As of 2009, the Forest Service has a budget authority of $5.5 billion. The Forest Service employs 34,250 employees in 750 locations, including 10,050 firefighters,737 law enforcement personnel, and 500 scientists. The mission of the Forest Service is To sustain the health and its motto is Caring for the land and serving people. As the lead agency in natural resource conservation, the US Forest Service provides leadership in the protection and use of the nations forest, rangeland. The agencys ecosystem approach to management integrates ecological and social factors to maintain and enhance the quality of the environment to meet current, the everyday work of the Forest Service balances resource extraction, resource protection, and providing recreation.5 billion trees per year. Further, the Forest Service fought fires on 2,996,000 acres of land in 2007, the Forest Service organization includes ranger districts, national forests, research stations and research work units and the Northeastern Area Office for State and Private Forestry.
Each level has responsibility for a variety of functions, the Chief of the Forest Service is a career federal employee who oversees the entire agency. The Chief reports to the Under Secretary for Natural Resources and Environment in the U. S. Department of Agriculture, there are five deputy chiefs for the following areas, National Forest System and Private Forestry and Development, Business Operations, and Finance. The Forest Service Research and Development deputy area includes five stations, the Forest Products Laboratory. Station directors, like regional foresters, report to the Chief, Research stations include Northern, Pacific Northwest, Pacific Southwest, Rocky Mountain, and Southern. There are 92 research work units located at 67 sites throughout the United States, there are 80 Experimental Forests and Ranges that have been established progressively since 1908, many sites are more than 50 years old
Golden-mantled ground squirrel
The golden-mantled ground squirrel is a ground squirrel found in mountainous areas of western North America. It is abundant throughout its range and is equally at home in a variety of forest habitats, as well as rocky meadows. A typical adult ranges from 23 to 30 cm in length, the golden-mantled ground squirrel can be identified by its chipmunk-like stripes and coloration, but unlike a chipmunk, it lacks any facial stripes. It is commonly found living in the habitat as Uinta chipmunks. The golden-mantled ground squirrel is similar to a chipmunk in more than just its appearance, both the golden-mantled ground squirrel and the chipmunk have cheek pouches for carrying food. Cheek pouches allow them to transport back to their nests. Golden-mantled ground squirrels dig burrows up to 30 m in length with the openings hidden in a hollow log or under tree roots or a boulder. The female gives birth to a litter of four to six young each summer. It eats seeds, berries and underground fungi and it is preyed upon by hawks, weasels, foxes and coyotes.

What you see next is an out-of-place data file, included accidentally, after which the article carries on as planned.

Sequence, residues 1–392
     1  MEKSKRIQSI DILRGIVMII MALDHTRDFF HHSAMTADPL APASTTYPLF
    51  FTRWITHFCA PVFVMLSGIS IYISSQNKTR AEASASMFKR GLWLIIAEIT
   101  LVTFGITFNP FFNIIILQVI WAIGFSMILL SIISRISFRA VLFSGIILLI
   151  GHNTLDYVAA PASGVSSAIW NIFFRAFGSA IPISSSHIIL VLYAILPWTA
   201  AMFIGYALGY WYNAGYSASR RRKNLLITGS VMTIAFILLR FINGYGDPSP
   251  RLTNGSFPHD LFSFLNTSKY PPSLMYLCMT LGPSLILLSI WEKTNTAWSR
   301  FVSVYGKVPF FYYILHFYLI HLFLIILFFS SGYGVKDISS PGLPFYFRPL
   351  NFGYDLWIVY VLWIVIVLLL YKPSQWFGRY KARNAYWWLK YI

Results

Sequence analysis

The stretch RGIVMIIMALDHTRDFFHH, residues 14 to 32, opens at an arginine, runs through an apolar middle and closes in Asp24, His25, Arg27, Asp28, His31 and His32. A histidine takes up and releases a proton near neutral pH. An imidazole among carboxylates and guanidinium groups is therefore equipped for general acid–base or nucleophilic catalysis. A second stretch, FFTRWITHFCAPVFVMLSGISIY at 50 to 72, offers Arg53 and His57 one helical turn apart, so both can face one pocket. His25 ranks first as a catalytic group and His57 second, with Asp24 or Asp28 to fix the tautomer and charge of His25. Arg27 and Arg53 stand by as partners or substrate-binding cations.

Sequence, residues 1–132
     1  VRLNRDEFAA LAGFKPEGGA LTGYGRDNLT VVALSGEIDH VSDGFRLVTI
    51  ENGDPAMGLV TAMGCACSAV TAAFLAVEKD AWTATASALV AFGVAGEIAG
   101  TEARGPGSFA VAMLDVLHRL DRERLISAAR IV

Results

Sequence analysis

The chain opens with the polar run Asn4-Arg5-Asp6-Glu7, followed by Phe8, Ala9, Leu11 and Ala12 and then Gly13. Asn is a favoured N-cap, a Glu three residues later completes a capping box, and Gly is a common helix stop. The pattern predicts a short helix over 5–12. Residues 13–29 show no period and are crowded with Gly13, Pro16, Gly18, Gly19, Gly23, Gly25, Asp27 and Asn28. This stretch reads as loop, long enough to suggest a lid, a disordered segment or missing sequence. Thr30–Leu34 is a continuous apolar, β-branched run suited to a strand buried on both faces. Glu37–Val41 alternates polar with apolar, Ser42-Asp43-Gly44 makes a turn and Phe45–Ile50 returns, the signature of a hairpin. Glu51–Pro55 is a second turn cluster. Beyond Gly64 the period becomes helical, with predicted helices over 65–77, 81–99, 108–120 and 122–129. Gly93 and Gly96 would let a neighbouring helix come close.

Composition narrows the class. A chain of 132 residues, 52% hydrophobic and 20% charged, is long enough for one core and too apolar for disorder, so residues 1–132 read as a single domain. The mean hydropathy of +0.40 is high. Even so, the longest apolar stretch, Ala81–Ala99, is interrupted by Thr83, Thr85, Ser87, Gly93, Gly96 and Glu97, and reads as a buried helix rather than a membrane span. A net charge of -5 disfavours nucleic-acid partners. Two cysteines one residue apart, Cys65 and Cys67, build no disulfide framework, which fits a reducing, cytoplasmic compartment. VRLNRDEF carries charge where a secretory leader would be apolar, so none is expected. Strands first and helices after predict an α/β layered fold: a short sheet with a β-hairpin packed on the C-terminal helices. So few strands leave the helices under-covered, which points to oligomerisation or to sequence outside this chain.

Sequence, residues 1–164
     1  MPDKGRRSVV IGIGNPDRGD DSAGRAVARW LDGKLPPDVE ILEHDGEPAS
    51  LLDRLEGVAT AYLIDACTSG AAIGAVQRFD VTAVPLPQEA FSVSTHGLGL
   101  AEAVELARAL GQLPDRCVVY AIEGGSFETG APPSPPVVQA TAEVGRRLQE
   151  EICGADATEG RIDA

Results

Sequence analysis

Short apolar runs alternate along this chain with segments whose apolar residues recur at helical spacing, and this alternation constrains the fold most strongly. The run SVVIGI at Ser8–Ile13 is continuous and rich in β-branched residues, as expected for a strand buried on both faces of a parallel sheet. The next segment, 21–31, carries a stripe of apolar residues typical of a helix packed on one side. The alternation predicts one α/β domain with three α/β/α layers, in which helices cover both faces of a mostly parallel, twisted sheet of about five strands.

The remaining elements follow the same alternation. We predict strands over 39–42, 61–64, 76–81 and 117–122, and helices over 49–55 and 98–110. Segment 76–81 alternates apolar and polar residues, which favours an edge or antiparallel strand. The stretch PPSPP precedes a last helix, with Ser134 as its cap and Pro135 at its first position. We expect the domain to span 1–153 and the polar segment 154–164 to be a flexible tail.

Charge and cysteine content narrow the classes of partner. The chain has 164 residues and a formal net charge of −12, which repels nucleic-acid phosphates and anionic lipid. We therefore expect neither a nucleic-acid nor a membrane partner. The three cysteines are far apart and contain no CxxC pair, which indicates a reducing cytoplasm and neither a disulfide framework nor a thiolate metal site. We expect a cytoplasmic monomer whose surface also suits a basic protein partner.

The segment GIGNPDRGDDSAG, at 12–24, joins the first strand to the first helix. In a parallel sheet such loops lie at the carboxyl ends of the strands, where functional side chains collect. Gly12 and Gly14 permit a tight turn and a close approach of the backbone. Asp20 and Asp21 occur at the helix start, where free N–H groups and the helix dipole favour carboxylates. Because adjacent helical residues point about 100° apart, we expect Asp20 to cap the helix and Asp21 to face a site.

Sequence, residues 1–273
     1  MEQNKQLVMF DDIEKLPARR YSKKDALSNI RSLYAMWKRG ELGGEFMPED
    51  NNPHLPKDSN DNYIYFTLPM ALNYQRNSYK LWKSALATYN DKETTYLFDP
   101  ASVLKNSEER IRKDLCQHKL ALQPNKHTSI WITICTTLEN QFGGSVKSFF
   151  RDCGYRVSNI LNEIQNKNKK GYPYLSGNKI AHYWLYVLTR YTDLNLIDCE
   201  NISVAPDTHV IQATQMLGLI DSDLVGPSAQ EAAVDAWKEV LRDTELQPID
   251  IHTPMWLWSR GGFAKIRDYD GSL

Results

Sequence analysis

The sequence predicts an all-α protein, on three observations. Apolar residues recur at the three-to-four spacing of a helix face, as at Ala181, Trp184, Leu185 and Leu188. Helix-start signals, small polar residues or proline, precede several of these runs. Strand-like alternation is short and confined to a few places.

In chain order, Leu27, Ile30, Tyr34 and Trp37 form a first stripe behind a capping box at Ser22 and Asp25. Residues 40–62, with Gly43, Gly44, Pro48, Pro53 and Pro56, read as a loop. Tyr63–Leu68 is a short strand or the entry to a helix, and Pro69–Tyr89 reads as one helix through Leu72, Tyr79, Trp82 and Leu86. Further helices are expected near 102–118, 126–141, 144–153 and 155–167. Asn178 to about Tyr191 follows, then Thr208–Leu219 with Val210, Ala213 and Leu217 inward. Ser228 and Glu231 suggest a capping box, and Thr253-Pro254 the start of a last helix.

Helgen, Kristofer M. Cole, F. Russel, Lauren E. Wilson, Don E, generic Revision in the Holarctic Ground Squirrel Genus Spermophilus. Archived from the original on 22 October 2011, bryce Canyon National Park article Mammalian Species article Smithsonian article
Devils Postpile National Monument
Devils Postpile National Monument is located near Mammoth Mountain in eastern California. The national monument protects Devils Postpile, a rock formation of columnar basalt. In addition, the John Muir Trail and Pacific Crest Trail merge into one trail as they pass through the monument, excluding a small developed area containing the monument headquarters, visitor center and a campground, the National Monument lies within the borders of the Ansel Adams Wilderness. The monument was once part of Yosemite National Park, but discovery of gold in 1905 near Mammoth Lakes prompted a change that left the Postpile on adjacent public land. Later, a proposal to build a dam called for blasting the Postpile into the river. Influential Californians, including John Muir, persuaded the government to stop the demolition and, in 1911. The flora and fauna at Devils Postpile are typical of the Sierra Nevada, dark-eyed juncos and white-crowned sparrows are common in the summer. The name Devils Postpile refers to a cliff of columnar basalt.